Develop Easy Rules

Pick whatever system you like to clean out your space. Just make sure the rules are easy. In fact, make them even easier to match your life.  Lower the standard to whatever you can reasonably do.

Some of my favorite methods:

Just remember that this process will probably start with a month of heavy work. Then, you’ll repeat that cycle for about a year. This allows you to form new habits. Going forward, the new mindset will shape your daily routines. What goes into your home and what comes out of your home will change as you live in a clutter free space.

Clutter Free in 2018

instagramfollowersAs a goal, a clutter free home remains a worthy choice. It took me nearly three years to get to a point where my home only contained useful and loved items. And it’s still a daily process.

You’ll find that clutter creeps into your life unexpectedly, often from other well-meaning people.

For example, my friends and family sometimes offer me their clutter as they organize. They know I am fairly decisive in determining whether something is of use to me. So, they try to give me things in hopes that I’ll either accept it or dispose of it for them.  Sometimes I have the time to work through that process for them and sometimes, I just have to say “no”.

I’ve learned that saying “no” to stuff means saying “yes” to the life I want. Remember? It’s that life filled with painting, writing and exploring.

Here’s to your clutter-free plan!

What are your tips and tricks to keep your home free of clutter? Let me know in the comments!

60 Tips to Declutter Your Office

This world is but a canvas to our imagination. Henry David Thoreau

Some people tell me that creativity and clutter must go hand-in-hand. I refuse to believe it. I agree that little inspirational bits accumulate around imaginative people. I disagree that we need to surround ourselves with disorganization. In fact, I find that I do my best work, creative and functional, in a clutter-free space. And I say this as someone who has boxes with broken costume jewelry, a collection of ostrich feathers, and a plethora of paints. It’s the curation and usefulness of these items that facilitates the creative process.

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Bite the Bullet Journal

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Creativity and organization collide beautifully in a daily journal routine. In our detached and digitized world, the feel of a beloved book brings a stir of sensations. The cover feels warm. The pages sound soft. The dust smells like new markers. As most people relentlessly busy-brag about how out-of-control their lives have become, we can break the cycle with little, leather-bound books.

Behold- the bullet journal.

What is a bullet journal?

Bullet journals bring together the best parts of tracking your life and recording thoughts with none of the restrictions. Typically, the pages are completely blank, although some have light grids to help with designing the pages. Most people use them for daily organization on the bulk of the pages and save special pages for large goals or thoughts. What started as a big idea (from the actual Bullet Journal brand) has turned into a nostalgic revolution for intentional living.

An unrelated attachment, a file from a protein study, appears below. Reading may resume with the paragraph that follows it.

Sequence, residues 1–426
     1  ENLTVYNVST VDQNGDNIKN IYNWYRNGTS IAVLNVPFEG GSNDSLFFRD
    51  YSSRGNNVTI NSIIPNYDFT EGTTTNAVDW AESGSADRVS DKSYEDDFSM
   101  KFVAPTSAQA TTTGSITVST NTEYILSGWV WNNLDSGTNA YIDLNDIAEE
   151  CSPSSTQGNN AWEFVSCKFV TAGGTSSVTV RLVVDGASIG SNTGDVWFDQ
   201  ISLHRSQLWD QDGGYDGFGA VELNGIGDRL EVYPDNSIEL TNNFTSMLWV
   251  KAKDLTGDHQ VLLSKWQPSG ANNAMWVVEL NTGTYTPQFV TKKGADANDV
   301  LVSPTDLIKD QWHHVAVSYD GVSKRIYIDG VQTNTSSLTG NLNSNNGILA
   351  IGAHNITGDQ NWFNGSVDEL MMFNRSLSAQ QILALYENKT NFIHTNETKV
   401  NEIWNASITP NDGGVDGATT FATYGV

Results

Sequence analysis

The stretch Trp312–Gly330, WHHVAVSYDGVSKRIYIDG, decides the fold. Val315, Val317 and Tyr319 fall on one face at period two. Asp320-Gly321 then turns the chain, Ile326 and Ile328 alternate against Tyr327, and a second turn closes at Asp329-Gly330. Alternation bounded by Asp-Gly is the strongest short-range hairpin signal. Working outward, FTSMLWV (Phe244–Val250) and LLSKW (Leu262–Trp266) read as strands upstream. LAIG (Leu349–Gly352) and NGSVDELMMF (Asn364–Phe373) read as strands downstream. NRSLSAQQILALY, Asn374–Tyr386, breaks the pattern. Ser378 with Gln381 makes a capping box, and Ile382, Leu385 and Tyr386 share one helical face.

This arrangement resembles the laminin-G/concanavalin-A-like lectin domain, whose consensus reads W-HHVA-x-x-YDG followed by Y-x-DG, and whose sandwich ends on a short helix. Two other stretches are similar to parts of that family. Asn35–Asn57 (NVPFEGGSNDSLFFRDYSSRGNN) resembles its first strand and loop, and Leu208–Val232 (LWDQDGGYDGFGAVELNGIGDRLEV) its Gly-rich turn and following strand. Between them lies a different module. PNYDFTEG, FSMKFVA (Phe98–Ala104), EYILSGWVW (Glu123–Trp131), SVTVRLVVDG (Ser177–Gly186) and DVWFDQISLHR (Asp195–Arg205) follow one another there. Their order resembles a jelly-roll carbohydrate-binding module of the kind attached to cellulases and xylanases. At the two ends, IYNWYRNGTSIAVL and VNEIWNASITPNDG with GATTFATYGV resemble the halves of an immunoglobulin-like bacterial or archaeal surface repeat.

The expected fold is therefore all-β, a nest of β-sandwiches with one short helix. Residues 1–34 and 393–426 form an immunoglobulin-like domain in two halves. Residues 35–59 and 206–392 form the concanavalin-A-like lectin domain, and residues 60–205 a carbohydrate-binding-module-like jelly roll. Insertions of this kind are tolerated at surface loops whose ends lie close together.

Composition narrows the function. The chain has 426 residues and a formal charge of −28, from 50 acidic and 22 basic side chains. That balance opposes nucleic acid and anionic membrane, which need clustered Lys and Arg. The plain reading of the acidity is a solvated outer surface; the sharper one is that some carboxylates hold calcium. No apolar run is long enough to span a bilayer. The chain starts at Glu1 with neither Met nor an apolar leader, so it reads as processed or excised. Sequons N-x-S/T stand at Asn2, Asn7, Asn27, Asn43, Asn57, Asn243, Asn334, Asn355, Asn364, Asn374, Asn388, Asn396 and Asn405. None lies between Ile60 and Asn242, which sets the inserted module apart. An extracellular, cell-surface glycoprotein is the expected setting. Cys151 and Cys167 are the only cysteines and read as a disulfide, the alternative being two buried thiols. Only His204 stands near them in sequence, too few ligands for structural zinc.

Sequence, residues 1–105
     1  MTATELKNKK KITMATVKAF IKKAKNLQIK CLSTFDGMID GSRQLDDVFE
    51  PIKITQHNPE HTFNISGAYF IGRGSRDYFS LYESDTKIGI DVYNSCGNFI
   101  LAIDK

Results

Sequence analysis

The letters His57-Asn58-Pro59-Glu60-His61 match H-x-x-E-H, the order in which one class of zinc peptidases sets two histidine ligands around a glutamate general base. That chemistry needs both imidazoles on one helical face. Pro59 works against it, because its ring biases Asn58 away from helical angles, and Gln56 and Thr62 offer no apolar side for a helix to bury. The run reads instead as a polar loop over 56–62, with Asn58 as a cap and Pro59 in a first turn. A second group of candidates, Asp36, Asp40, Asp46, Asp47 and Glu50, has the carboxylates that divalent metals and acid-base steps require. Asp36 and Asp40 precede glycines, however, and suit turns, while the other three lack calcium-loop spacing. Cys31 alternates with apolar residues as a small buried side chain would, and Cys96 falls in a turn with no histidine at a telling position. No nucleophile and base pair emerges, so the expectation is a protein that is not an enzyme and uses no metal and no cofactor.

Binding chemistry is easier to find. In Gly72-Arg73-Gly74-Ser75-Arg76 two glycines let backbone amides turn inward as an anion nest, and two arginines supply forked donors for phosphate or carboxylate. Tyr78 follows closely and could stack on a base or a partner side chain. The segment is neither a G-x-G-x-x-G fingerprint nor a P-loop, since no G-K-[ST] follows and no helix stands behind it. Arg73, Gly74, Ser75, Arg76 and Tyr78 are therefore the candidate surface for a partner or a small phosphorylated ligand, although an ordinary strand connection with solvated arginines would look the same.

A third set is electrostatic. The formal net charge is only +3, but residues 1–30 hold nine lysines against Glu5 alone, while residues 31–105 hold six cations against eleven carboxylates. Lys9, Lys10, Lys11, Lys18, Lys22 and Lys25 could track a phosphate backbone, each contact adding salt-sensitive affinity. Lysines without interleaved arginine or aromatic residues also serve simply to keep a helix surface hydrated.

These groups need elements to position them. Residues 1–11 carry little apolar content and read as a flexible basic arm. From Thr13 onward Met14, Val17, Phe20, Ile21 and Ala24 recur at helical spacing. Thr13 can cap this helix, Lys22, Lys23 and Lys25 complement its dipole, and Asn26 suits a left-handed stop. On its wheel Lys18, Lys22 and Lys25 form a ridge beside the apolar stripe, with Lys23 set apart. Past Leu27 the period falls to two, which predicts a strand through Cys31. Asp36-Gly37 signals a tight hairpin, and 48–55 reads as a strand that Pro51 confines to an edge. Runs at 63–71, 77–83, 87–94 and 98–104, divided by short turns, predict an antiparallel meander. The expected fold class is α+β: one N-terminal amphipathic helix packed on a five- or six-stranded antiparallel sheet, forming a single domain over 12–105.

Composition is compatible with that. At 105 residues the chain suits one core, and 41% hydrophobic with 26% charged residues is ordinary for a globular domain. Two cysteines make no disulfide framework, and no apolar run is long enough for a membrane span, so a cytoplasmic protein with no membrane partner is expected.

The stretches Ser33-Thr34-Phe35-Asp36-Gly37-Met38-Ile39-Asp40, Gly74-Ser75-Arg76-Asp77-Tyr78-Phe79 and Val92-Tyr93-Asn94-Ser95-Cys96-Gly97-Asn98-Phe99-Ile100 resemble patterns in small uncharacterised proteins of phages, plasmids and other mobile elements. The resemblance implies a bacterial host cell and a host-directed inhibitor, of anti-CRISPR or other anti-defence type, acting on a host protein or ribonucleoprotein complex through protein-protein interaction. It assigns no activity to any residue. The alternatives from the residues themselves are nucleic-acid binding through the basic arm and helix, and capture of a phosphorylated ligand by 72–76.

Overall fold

The idea of keeping a journal is not new. However, many people struggle to keep up with a daily journal because of the commitment to logging everything in longhand, paragraph form. By contrast, bullet journals mix daily reflection with lists. Think of it as a to-do list on which you can reflect over time. Everything is shorthand and simple. The typical page includes:

  • Topics
  • Page Numbers
  • Short Sentences
  • Bullets

The best part? You don’t have to be artsy or creative to enjoy this process. The official Bullet Journal team has created a template to help people get started. However, this post reflects on my personal journey in productivity and note-keeping.

My Journal Process

As a young person, people would always gift me empty journals. They knew I liked to write and sketch (…holding books in my hands so that I could smell them). However, these journals would pile up in my bedroom as I really could never fill them out. I would try to start a traditional diary and flame out. Then, in high school, I had an epiphany. I often collected paper snippings that inspired me. They weren’t something for a scrapbook. Instead they were usually quotes, blocks of text or images cut from magazines, calendars or homework assignments. They would wear and tear as I moved them from my bulletin board to a desk drawer then a file box. At the same time, I was dedicated to my daily planner to keep me productive and organized. By college, I started meshing the two, using the gifted journals. Each page contained: